Many open jobs but still can't find one? There's a mismatch between job seekers and what's available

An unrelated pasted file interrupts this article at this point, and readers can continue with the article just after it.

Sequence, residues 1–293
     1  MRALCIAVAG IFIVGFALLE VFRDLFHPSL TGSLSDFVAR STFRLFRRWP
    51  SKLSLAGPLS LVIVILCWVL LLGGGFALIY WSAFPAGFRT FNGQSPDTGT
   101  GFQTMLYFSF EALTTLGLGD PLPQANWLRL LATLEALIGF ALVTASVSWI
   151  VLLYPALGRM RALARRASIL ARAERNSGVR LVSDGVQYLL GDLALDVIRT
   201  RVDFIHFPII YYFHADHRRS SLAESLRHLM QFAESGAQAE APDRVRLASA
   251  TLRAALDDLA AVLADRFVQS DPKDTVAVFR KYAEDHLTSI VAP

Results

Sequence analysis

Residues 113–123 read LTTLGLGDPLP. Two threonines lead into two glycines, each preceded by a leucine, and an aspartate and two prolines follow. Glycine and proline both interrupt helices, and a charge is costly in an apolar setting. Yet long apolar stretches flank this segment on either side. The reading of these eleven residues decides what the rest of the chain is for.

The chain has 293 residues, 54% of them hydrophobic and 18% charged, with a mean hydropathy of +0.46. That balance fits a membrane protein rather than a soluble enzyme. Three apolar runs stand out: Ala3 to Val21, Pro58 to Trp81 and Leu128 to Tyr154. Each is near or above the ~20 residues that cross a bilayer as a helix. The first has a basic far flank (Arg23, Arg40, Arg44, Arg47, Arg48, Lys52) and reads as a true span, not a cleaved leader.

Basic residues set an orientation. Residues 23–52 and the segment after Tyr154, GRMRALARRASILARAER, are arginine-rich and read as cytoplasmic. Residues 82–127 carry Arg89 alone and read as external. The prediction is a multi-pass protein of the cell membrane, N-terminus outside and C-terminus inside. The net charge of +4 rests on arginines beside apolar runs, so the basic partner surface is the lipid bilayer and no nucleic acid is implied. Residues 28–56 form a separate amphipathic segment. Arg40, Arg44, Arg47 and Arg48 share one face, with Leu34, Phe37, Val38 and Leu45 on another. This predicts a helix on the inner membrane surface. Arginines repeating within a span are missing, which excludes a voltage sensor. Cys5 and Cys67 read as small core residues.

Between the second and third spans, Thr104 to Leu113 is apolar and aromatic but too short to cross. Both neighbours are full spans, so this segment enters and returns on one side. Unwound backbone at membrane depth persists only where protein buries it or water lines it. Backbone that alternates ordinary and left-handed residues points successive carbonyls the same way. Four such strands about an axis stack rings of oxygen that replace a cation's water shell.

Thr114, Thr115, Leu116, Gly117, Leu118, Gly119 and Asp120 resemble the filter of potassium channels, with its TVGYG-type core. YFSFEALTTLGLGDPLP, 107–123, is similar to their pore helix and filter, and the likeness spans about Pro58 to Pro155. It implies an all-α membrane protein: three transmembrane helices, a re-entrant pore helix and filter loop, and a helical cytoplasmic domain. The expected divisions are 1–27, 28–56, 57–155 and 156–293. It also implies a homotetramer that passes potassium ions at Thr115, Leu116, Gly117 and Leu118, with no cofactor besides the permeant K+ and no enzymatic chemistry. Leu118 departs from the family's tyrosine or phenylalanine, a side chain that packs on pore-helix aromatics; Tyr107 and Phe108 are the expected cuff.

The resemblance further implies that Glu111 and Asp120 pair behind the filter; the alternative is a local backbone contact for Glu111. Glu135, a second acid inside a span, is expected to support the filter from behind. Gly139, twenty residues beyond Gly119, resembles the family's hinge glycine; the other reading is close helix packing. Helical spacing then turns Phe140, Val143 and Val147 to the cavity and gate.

For some North Carolinians the end of the week is more of a OMG than a TGIF. "The thing is you got to keep pressing on," Durham resident Faye Ellerbe-Gonzales said. "That's the only way you survive in life." Gonzales is among those still unemployed in North Carolina, despite the apparent labor shortage provoking pleas from restaurants and hospitals for help. Ellerbe-Gonzales said she's been looking for a job for more than a year after the pandemic forced her to close her catering business. She also wants people to know she does not enjoy living off unemployment insurance. CVS hiring 25,000 new employees nationwide "No. I go to food banks, Meals on Wheels delivers my dog treats and food," she said. "And I go to different churches that have food and that's you sustain. Really." She's looking specifically for a job as a local delivery driver or office manager; she also wants a position that won't risk her safety in the pandemic. "There are people not wearing masks, people basically not abiding by policies and procedures. I have to be safe, too, when I go to work." Her experience is one shared by many job seekers as unemployment, while falling, continues to hover above pre-pandemic levels. The mismatch between jobs that people want and the jobs available are also revealing differences in the skills people have and the skills that are needed, plus differing expectations on wages, benefits - even commutes. "The benchmark for a labor shortage isn't zero available jobs unfilled and zero unemployed," Kathryn Edwards, an analyst at RAND Corporation, explained. "There's always going to be some, and the some that is normal is very hard to define even in the best of times but it's especially hard in a pandemic. Think through the logistics of someone getting a job right now - one in four private sector jobs do not have a paid sick day." 'Cut them a bit of a break,' restaurant owners say on negative reviews during pandemic According to job recruiter site Monster.com, these are the top 10 most searched positions in North Carolina over the last six months: 1) Software Developers, Applications 2) Customer Service Representatives 3) Sales Representatives, Wholesale and Manufacturing, Except Technical and Scientific Products 4) Business Operations Specialists, All Other 5) Secretaries and Administrative Assistants, Except Legal, Medical, and Executive 6) General and Operations Managers 7) Managers, All Other 8) Management Analysts 9) Registered Nurses 10) Heavy and Tractor-Trailer Truck Drivers The top 10 most advertised jobs, however, are different. 1) Registered Nurses 2) Software Developers, Applications 3) Retail Salespersons 4) Sales Representatives, Wholesale and Manufacturing, Except Technical and Scientific Products 5) Laborers and Freight, Stock, and Material Movers, Hand 6) Customer Service Representatives 7) Managers, All Other 8) Heavy and Tractor-Trailer Truck Drivers 9) First-Line Supervisors of Retail Sales Workers 10) Combined Food Preparation and Serving Workers, Including Fast Food The top 10 most sought after skills are these: 1) Customer Service 2) Scheduling 3) Cleaning 4) Sales 5) Budgeting 6) Repair 7) Customer Contact 8) Project Management 9) Retail Industry Knowledge 10) Teaching As Ellerbe-Gonzalez continues her search, she said she knows she will have to be flexible. "That's what I'm doing now. I'm re-evaluating." According to Edwards, however, the job market won't stabilize until the pandemic subsides. "I would step back from people not taking a job or they don't want to work to, what does a worker need to safely and securely engage in the labor market and maintain their position right now? I think for most localities, the real question is what is your vaccination rate, what percentage have you reached, and what is your plan for in-person child care and in-person school should vaccination remain low and the Delta variant continue to expand."